# Proving that closed (and open) balls are convex

Let $X$ be a normed linear space, $x\in X$ and $r>0$. Define the open and closed ball centered at $x$ as $$B(x, r) = \{y \in X : \Vert x − y\Vert < r\}$$ $$\overline{B}(x, r) = \{y \in X : \Vert x − y\Vert \leq r\}.$$ Then $B(x, r)$ and $\overline{B}(x, r)$ are convex.

I tried to prove this, but either my calculation is incorrect, or I am on the wrong path:

I aim to show for the closed ball $\overline{B}(x,r)$ (for open ball I assume the proof is similar). Suppose $y,z \in \overline{B}(x, r)$. Then $\Vert x − y\Vert \leq r$ and $\Vert x − z\Vert \leq r$. We must show that $t \in [0,1]$ implies $ty + (1-t)z \in \overline{B}(x,r)$. But $t \in [0,1]$ implies $$\Vert ty + (1-t)z - x\Vert = \Vert t(y-z) + z - x\Vert \leq |t| \Vert y-z\Vert + \Vert z-x\Vert \leq |t|(\Vert y-x\Vert + \Vert x-z\Vert) + \Vert z-x\Vert < |t|(2r) + r = r(2|t| + 1),$$ which is not necessarily $\leq r$. We probably wanted to end up with $< |t|r$ or $\leq |t|r$ as our final inequality.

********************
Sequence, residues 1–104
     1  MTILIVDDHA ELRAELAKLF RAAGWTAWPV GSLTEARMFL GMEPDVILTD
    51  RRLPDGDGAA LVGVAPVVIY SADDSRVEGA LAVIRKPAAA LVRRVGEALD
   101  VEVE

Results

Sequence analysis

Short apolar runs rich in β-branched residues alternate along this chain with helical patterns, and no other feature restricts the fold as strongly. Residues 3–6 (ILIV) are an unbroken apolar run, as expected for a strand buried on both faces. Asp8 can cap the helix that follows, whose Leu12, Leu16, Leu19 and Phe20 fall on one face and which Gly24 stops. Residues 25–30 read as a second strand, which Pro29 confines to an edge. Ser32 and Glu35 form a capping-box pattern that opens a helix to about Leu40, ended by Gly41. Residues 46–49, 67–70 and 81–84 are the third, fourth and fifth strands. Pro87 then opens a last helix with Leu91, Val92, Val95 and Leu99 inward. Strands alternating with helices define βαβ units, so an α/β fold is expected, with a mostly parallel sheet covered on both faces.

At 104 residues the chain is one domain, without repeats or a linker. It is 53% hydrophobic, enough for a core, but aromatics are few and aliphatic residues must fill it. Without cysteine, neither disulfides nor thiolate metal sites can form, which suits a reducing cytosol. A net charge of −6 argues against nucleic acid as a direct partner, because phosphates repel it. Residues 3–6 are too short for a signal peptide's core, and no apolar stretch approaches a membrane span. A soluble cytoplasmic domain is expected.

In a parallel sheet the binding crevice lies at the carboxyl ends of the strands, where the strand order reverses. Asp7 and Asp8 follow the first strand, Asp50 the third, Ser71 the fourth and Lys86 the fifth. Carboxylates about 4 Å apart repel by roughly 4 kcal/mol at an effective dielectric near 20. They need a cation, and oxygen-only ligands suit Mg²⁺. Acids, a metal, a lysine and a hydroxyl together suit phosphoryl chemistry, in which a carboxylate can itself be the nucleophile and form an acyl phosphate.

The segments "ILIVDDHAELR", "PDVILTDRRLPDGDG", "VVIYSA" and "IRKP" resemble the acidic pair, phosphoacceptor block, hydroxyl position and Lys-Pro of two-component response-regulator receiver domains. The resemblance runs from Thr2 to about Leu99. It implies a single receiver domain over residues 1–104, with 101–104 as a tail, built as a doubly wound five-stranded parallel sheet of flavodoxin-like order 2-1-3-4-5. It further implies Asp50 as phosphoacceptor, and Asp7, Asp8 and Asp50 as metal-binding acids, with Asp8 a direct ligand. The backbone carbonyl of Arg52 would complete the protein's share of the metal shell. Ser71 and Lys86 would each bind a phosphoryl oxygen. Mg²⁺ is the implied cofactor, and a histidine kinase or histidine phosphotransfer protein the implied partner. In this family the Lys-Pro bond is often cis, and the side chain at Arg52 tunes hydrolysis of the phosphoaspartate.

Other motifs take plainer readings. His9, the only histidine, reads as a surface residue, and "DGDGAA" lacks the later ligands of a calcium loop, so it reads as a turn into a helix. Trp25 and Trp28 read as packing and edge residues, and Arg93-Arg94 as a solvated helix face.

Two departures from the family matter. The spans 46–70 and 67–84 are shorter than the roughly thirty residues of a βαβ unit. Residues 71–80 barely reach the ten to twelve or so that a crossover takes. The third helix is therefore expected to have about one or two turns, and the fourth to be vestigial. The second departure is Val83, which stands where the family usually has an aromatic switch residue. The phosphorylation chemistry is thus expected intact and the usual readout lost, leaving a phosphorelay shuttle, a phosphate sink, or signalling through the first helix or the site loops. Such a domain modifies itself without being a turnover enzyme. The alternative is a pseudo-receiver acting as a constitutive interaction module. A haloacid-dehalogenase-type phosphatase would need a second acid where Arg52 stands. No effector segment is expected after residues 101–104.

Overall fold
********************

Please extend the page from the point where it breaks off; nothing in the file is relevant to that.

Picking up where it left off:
Hint: $$ty+(1-t)z-x=t(y-x)+(1-t)(z-x)$$

• That trick is a bit too sneaky for my liking, haha. Thanks Commented Apr 27, 2012 at 18:10
• In mathmatics there are much more neat tricks. This one is standard. Commented Apr 27, 2012 at 18:39
• I'm sure I've seen this trick before. Just didn't recognize it in this situation... Commented Apr 27, 2012 at 18:45
• Sorry, but how do you conclude? Thanks a lot :) Commented Nov 8, 2015 at 18:19
• Right, but have you used that $B_1(0)$ is convex? Commented Nov 8, 2015 at 19:14

Suppose $$x, y$$ are in a unit closed ball. Consider $$||z||=||(1-a)x+ay||\leq (1-a)||x||+a||y||\leq 1-a+a=1.$$ So $$||z||\leq 1$$, so $$z$$ is in unit close ball.

• Please use MathJax/LaTeX markup to improve readability! Thanks! Commented Dec 5, 2016 at 16:02

Let $B(a,r)=\{y \in X: \|y-a\| < r \}$ be an open ball in a Banach space $X$. Let $x,y \in B(x,r)$ then $\| x-a\| < r$ and $\| y-a\| < r$. $$\|x\|-\|a\| <\| x-a\| < r ~~ and~~ \|y\|-\|a\| <\| y-a\| < r$$ which implies $$\|x\| < r + \|a\|,~ \|y\| < r + \|a\|~~~~~~ (1)$$ for any $t \in [0,1]$; $x,y \in X$ using $(1)$ we have $$\|tx+(1-t)y\| \leq t\|x\|+(1-t)\|y < t(r+\|a\|)+(1-t)(r+\|a\|)=r+\|a\|\\$$ Since $a$ is the centre (Origin) of the ball $\|a\|=0$. Hence, the result $\square$

• If $a$ is centre of the ball, then isn't $\|a-a\|=0$ instead? Commented Jan 13, 2020 at 4:53